McFarland, USA

by Alan Rapp on February 20, 2015

in Movie Reviews 

  • Title: McFarland, USA
  • IMDb: link

McFarland, USAMiracle. The Rookie. Cool Runnings. Remember the Titans. Walt Disney Films has a talent finding true stories and adapting them into surprisingly moving films. Hell, even Eight Below was better than it had any right to be. Sure sometimes the efforts limp to the finish line (remember Secretariat?), but more often than not the tales of struggle, perseverance, and overcoming great odds turn out to be solid family films.

Based on the true story of troubled sports coach Jim White who took a job in the only place that would hire him, Kevin Costner stars as a man struggling with not being able to better support his family who, despite their initial distrust of the predominantly Mexican-American town, eventually come to think of McFarland, California as home.

The story follows a basic pattern as White and his family (Maria Bello, Morgan Saylor, Elsie Fisher) come to embrace the town made up of mostly fruit pickers including a group of young kids (Carlos Pratts, Johnny Ortiz, Ramiro Rodriguez, Rafael Martinez, Hector Duran, Sergio Avelar, Michael Aguero) who White will turn into a cross country team.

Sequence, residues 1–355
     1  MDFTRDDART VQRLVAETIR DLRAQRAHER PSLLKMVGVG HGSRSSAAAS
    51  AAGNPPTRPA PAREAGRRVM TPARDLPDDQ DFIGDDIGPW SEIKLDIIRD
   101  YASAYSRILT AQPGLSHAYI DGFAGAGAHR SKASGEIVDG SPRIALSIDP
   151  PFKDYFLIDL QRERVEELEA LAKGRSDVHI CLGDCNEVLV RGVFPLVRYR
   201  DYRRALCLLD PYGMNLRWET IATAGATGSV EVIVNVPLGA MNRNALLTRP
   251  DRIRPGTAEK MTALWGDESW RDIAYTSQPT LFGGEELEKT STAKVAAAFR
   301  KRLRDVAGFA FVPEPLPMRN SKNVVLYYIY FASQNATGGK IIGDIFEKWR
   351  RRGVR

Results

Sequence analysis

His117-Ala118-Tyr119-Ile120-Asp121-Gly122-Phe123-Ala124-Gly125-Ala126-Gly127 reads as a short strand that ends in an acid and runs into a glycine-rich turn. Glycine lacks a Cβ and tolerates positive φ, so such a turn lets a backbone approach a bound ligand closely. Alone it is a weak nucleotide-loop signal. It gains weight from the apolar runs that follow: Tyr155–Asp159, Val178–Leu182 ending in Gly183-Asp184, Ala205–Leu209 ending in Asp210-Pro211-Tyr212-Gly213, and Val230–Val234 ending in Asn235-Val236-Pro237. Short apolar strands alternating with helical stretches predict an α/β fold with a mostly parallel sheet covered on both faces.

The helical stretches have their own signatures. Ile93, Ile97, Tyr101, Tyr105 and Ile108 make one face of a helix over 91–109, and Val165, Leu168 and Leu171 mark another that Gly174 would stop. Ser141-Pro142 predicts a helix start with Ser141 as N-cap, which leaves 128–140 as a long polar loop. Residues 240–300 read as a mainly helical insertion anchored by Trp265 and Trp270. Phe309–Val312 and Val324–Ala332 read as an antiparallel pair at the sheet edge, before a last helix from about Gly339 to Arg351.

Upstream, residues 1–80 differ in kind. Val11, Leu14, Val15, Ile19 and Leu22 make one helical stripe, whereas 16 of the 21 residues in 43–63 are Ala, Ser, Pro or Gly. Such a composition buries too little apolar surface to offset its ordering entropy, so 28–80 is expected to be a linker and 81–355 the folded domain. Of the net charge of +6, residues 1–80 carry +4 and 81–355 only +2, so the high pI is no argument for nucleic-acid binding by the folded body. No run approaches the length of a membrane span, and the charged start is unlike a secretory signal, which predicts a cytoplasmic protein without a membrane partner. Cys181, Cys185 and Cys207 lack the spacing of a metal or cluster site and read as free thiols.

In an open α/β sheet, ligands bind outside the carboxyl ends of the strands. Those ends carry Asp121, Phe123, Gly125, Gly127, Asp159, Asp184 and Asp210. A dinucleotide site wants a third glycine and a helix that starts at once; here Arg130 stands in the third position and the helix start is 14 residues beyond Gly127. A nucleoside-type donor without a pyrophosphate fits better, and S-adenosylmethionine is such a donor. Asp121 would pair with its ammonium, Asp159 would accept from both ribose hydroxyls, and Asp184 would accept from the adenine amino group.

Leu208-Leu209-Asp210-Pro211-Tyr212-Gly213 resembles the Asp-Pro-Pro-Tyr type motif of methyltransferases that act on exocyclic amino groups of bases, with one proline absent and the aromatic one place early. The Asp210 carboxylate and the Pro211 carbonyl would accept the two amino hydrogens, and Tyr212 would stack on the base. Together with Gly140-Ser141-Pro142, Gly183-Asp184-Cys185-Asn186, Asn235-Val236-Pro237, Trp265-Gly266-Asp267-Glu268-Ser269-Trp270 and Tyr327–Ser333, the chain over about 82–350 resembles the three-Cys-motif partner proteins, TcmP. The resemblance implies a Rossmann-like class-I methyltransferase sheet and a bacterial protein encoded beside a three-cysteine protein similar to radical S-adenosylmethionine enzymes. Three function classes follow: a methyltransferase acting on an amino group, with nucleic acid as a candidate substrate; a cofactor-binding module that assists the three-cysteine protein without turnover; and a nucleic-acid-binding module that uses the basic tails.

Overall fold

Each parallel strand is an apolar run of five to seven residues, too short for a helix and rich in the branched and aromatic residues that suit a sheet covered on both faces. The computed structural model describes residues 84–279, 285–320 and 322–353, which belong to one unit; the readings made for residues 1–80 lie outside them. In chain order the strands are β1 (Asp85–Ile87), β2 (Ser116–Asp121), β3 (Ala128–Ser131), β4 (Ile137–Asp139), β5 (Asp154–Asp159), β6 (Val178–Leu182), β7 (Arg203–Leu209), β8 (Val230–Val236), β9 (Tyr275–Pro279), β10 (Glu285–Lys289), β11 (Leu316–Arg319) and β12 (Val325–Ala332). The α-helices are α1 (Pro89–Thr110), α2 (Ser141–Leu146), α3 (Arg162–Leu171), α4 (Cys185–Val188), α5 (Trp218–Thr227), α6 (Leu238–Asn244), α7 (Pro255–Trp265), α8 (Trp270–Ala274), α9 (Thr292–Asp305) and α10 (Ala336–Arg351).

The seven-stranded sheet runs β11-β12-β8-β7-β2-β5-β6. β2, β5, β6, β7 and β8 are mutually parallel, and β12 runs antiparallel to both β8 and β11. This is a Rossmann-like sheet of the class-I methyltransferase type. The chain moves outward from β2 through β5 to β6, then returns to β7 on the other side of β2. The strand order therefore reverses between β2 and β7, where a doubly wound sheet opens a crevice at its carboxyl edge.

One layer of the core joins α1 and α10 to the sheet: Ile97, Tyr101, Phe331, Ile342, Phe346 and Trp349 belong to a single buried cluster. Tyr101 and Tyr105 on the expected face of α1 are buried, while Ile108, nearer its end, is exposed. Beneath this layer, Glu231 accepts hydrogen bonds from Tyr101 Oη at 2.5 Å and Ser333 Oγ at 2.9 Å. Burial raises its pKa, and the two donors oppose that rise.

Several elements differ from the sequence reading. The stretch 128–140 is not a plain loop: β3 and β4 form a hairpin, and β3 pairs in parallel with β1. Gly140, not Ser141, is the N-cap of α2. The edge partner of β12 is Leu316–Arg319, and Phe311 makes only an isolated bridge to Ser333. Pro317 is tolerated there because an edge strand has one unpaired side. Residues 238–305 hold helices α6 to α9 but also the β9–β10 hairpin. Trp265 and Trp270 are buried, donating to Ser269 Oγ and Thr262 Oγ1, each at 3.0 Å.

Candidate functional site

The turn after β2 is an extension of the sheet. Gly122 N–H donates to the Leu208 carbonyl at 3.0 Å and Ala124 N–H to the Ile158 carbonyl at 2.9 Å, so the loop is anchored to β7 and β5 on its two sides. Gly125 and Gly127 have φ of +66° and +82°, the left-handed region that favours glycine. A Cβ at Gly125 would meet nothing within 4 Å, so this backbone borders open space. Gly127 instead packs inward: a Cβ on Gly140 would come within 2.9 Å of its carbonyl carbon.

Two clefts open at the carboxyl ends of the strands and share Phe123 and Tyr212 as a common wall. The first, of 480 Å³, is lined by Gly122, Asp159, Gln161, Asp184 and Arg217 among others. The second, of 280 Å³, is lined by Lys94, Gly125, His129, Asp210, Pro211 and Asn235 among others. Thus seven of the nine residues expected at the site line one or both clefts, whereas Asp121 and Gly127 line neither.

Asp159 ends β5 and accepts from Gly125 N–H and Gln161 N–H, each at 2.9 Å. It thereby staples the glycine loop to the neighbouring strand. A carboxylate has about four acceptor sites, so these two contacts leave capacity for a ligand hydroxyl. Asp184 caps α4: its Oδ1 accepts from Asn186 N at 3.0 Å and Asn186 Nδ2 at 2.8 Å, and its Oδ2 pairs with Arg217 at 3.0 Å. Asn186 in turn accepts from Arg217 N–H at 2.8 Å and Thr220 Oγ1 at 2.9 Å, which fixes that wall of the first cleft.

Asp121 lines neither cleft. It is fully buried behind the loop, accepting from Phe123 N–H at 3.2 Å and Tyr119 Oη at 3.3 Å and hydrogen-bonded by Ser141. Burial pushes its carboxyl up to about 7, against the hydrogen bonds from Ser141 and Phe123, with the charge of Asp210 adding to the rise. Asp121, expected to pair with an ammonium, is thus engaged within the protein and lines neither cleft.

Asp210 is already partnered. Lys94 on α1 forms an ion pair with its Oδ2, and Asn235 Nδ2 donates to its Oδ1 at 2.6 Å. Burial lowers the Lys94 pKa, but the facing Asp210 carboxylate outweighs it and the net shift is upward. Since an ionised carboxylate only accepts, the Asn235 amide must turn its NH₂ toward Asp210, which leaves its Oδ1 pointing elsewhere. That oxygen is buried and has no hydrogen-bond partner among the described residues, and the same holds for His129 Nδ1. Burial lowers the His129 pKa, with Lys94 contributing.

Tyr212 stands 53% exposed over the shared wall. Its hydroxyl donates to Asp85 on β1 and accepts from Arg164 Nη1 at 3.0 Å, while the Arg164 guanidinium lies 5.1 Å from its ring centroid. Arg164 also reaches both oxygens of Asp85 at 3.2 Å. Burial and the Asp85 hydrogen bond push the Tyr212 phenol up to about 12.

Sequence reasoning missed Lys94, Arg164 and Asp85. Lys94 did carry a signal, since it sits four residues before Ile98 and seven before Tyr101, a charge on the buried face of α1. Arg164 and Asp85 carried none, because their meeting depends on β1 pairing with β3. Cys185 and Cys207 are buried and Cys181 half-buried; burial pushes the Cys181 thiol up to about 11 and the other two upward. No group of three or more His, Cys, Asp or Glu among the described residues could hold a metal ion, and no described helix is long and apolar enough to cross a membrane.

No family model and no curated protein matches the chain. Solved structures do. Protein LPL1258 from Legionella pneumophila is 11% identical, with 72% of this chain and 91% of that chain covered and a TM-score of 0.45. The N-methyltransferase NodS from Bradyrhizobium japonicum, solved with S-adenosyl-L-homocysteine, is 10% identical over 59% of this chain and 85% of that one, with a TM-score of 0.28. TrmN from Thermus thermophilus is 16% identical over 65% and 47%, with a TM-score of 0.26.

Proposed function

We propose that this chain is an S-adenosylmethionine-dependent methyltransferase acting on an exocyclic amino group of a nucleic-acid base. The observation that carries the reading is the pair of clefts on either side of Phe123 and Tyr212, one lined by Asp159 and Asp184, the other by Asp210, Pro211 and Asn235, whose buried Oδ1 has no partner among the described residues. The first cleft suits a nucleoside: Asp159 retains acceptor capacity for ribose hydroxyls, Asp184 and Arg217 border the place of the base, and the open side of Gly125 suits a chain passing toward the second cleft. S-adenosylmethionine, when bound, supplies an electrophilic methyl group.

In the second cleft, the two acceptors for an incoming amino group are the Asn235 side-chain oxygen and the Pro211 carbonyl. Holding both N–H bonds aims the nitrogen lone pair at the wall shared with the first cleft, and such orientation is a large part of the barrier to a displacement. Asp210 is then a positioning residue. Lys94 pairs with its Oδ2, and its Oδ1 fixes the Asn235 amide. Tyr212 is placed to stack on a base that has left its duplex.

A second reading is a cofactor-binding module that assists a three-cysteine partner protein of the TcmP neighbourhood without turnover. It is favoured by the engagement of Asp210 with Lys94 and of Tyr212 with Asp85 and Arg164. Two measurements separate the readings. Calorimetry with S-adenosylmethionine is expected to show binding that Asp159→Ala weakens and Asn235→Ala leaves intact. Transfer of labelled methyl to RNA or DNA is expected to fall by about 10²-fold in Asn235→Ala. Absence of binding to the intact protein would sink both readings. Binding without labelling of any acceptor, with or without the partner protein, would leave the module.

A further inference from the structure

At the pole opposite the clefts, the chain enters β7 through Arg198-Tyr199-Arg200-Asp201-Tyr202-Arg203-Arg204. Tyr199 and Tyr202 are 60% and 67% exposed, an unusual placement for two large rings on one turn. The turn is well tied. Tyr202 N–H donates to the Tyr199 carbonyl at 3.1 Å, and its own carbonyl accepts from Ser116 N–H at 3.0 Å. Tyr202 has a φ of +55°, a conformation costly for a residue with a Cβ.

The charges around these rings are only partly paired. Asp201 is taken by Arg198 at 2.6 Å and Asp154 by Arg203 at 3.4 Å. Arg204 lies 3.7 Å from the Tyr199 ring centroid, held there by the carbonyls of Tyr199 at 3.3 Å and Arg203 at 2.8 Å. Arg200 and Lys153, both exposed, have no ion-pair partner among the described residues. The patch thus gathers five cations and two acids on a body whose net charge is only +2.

There’s nothing particularly flashy or groundbreaking about the film. It’s a sports movie centered around a group of underdogs who turn out beat the odds and prove their coach right. Despite feeling familiar the film never falls into cliche. What it does deliver are strong performances across the board including those of White’s students (even if Carlos Pratts did appear a bit too old to still be in school). And I enjoyed how the movie found ways to explore Bello’s character and that of the family’s two younger daughters each who find different ways to appreciate their new home.

At times the movie has to fight the impulse to turn sappy, but director Niki Caro (whose previous films include North Country and Whale Rider) makes sure to infuse the film with both humor and heart while acknowledging the struggles of everyone making the best of what little they have to be proud of in one of the poorest towns in America. The result is yet another Disney live-action inspirational sports film that succeeds despite the fact how familiar it all feels or the audience’s understanding of exactly where the finish line sits and approximately how long it will take White, his family, and his students to get there.

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